Punishment. It sounds almost as if we are a group of parents, discussing consequences for our children. But…more on that later.
Punishment is defined as
- “The infliction or imposition of a penalty as retribution for an offense.”
- Example, breaking the law demands justice and punishment.
- informal – Rough treatment or handling inflicted on or suffered by a person or thing.
- Example, my phone takes a lot of punishment because my hands never want to work right and I always drop it.
- The penalty inflicted
- Example, the parents helped their teen escape punishment from the law because of what he did
Today I’m going to speak to punishment in regards to modern day kids and teens. As a parent and as a professional I believe that makes me qualified to speak on this subject.
My kids – when my daughter was 12 she tried talking back to me. I remember this day in great detail. We were standing in her room, pained pink with black border that had dogs in them. She was upset about something and was talking back. This was a first – she had never done this. I realized this was a turning point. I could either accept this and have a future upset pre-teen tantrums, or I could take charge. As the parent – I took charge.
It was that moment that I believe helped mold her. She realized that I was in charge, not she. In that heated moment I stepped up. I told her, listen, I know you’re upset. But I’m the parent. I know they say that kids are going to rebel, talk back, and talk hate to their parents. And I’m here to tell you that I raised you better than that. You know better. I am telling you, you will NOT do that. This is the last we’re going to have this discussion. I never want to hear you talk back to me again. AND…that was it. It really was.
My daughter is now 17 and is going to college this fall. She has never talked back. She has never said “I hate you.” She has never disrespected myself or any adult. She follows all the rules and won’t break them. Perhaps this is because she is an Aspie (Asperger’s). Many Aspie’s are rule followers. Perhaps I just got lucky. Or perhaps it’s because we keep God at our core, at our center.
She has said that she had chances to stray, to do wrong, but she didn’t. She will say that she didn’t because it was wrong. She was involved in a church youth group for years, went on mission trips, youth retreats, and volunteered for local VBS. She will say that a large part of why she chose the right thing was because of what she learned at home, church, and youth group.
Now we no longer attend the church she grew up in. The reason? I divorced. You can read about that in my other post, Left Behind. While divorce will cause many kids/teens to get in trouble, she refused to be a statistic.
In general, we can use hardships as an excuse, or we can grow from them and get stronger. It’s when we are weak we get strong. I never did understand that until I was on my face and wiped out. When I was at my weakest I realized, I truly realized how strong I had become.
Parents – don’t stop your child from getting punished. Don’t stop your adult child from going to jail. Sometimes they need to fall on their face so they can learn to get up on their own. They need to learn that they have consequences.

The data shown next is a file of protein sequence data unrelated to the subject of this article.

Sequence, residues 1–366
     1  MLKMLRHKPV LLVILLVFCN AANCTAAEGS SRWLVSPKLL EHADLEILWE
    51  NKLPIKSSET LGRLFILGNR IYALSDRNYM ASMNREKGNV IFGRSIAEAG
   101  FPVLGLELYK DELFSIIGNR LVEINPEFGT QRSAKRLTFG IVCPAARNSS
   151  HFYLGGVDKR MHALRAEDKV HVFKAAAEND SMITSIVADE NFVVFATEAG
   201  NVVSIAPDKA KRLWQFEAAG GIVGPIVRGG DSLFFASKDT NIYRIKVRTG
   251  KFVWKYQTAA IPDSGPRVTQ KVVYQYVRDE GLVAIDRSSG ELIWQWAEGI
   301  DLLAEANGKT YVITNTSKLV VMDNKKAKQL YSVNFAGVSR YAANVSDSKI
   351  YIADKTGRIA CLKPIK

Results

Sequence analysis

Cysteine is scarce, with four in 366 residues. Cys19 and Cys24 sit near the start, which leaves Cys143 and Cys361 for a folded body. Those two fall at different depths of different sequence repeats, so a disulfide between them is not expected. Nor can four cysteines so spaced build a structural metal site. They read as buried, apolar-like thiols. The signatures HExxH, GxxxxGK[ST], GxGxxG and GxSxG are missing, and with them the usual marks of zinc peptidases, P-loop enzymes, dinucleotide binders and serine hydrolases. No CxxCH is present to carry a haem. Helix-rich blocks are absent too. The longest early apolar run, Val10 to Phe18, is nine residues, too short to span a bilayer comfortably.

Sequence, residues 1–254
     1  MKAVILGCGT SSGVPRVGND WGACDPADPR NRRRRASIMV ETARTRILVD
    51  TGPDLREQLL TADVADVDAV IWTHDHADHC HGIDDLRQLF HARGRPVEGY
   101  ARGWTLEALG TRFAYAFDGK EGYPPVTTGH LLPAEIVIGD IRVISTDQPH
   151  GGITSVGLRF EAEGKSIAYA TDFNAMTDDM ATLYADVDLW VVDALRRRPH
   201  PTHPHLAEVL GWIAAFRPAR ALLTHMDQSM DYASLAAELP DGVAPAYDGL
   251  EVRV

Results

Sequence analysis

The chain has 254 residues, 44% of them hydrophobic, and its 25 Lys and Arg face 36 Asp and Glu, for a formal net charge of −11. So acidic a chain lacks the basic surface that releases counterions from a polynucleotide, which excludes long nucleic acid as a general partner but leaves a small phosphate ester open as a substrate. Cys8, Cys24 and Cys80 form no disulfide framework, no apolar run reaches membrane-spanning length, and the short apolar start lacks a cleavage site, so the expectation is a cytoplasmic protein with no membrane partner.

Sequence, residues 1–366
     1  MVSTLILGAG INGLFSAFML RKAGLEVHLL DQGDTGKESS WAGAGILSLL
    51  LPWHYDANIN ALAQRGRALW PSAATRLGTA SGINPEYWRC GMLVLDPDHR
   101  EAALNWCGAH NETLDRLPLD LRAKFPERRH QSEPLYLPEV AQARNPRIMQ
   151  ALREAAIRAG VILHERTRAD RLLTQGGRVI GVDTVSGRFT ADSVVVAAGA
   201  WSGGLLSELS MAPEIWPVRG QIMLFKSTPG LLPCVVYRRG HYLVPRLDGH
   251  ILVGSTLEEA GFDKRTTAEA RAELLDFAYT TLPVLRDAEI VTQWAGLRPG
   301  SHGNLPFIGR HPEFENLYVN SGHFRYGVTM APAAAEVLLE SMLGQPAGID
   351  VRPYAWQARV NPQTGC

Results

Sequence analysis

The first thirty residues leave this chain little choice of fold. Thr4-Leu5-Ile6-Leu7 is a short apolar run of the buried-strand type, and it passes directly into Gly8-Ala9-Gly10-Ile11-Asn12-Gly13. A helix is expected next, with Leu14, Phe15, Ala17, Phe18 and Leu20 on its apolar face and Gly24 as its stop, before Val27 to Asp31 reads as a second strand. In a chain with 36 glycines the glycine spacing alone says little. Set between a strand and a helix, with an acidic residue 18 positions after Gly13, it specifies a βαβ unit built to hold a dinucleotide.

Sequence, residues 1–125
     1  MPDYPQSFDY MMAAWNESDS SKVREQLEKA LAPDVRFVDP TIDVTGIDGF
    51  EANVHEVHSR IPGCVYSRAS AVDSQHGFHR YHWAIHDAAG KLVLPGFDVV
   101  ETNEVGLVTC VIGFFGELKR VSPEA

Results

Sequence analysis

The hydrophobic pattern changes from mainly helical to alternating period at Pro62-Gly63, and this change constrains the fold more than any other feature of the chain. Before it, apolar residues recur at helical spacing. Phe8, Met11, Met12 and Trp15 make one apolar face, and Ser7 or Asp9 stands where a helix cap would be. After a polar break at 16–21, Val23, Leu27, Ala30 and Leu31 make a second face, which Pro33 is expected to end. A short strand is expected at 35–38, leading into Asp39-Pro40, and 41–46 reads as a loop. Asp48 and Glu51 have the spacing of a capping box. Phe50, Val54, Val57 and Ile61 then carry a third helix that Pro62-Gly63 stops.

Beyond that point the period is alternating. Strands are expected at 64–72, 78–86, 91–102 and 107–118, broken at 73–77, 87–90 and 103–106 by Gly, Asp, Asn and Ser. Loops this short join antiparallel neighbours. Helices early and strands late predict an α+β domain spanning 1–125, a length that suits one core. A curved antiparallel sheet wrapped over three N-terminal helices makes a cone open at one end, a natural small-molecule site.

I have a cousin who is 57 (I am 41) and he has never learned to take responsibility for his actions. Recently he has gone on a “trouble spree”. I took something to him a couple weeks ago and as I was leaving a Sheriff pulled in. Had he been able to run, he definitely would have. As it was, he kept telling the sheriff who his uncle was and how he was going to get him out of trouble.
People – TEACH YOUR CHILDREN, YOUR NEPHEWS, YOUR NIECES, THOSE AROUND YOU…STAND UP ON YOUR OWN. FACE YOUR CONSEQUENCES. If you are facing jail, go to jail with all the dignity you can. Learn from it. Become a better person.
Don’t be a parent who always gets their kid out of trouble.
Don’t be a blind parent. Your kid isn’t as innocent as you think.
Invade their privacy and read their texts. Look at the social media pages. KNOW what your kid is doing.
DON’T be a parent who is shocked when the cops show up at your house. Don’t be the parent who is refusing to believe the school when they say your kid did something.
KNOW your kid/teenager/mentee
SPEND time with them.
My daughter is 17. Her friends message me. I know her friends, and her friends know me.
I have her roommate on my social media. I have her roommate’s mom on social media. I plan on having lunch with her mom in a few weeks.
Punishment – I never really had to punish my daughter too much. I just had to guide her. I didn’t have to punish her because I set the bar high when she was young. I’m not against punishment, I am for justice, for learning, and for growing.
I see too many kids “getting away with murder” because their parents think they shouldn’t be punished. I feel so sorry for those teachers, for those school principals, for those guidance counselors. I will tell you, they have their hands full. I have talked to them, I am friends with them.
They have kids who turn into teens, who are like adults. They think rules don’t apply to them. They do what they want. Then we release them into the world.
Is the point of an injustice punishment or transformation and growth of the person who did the wrong?
That is really the question.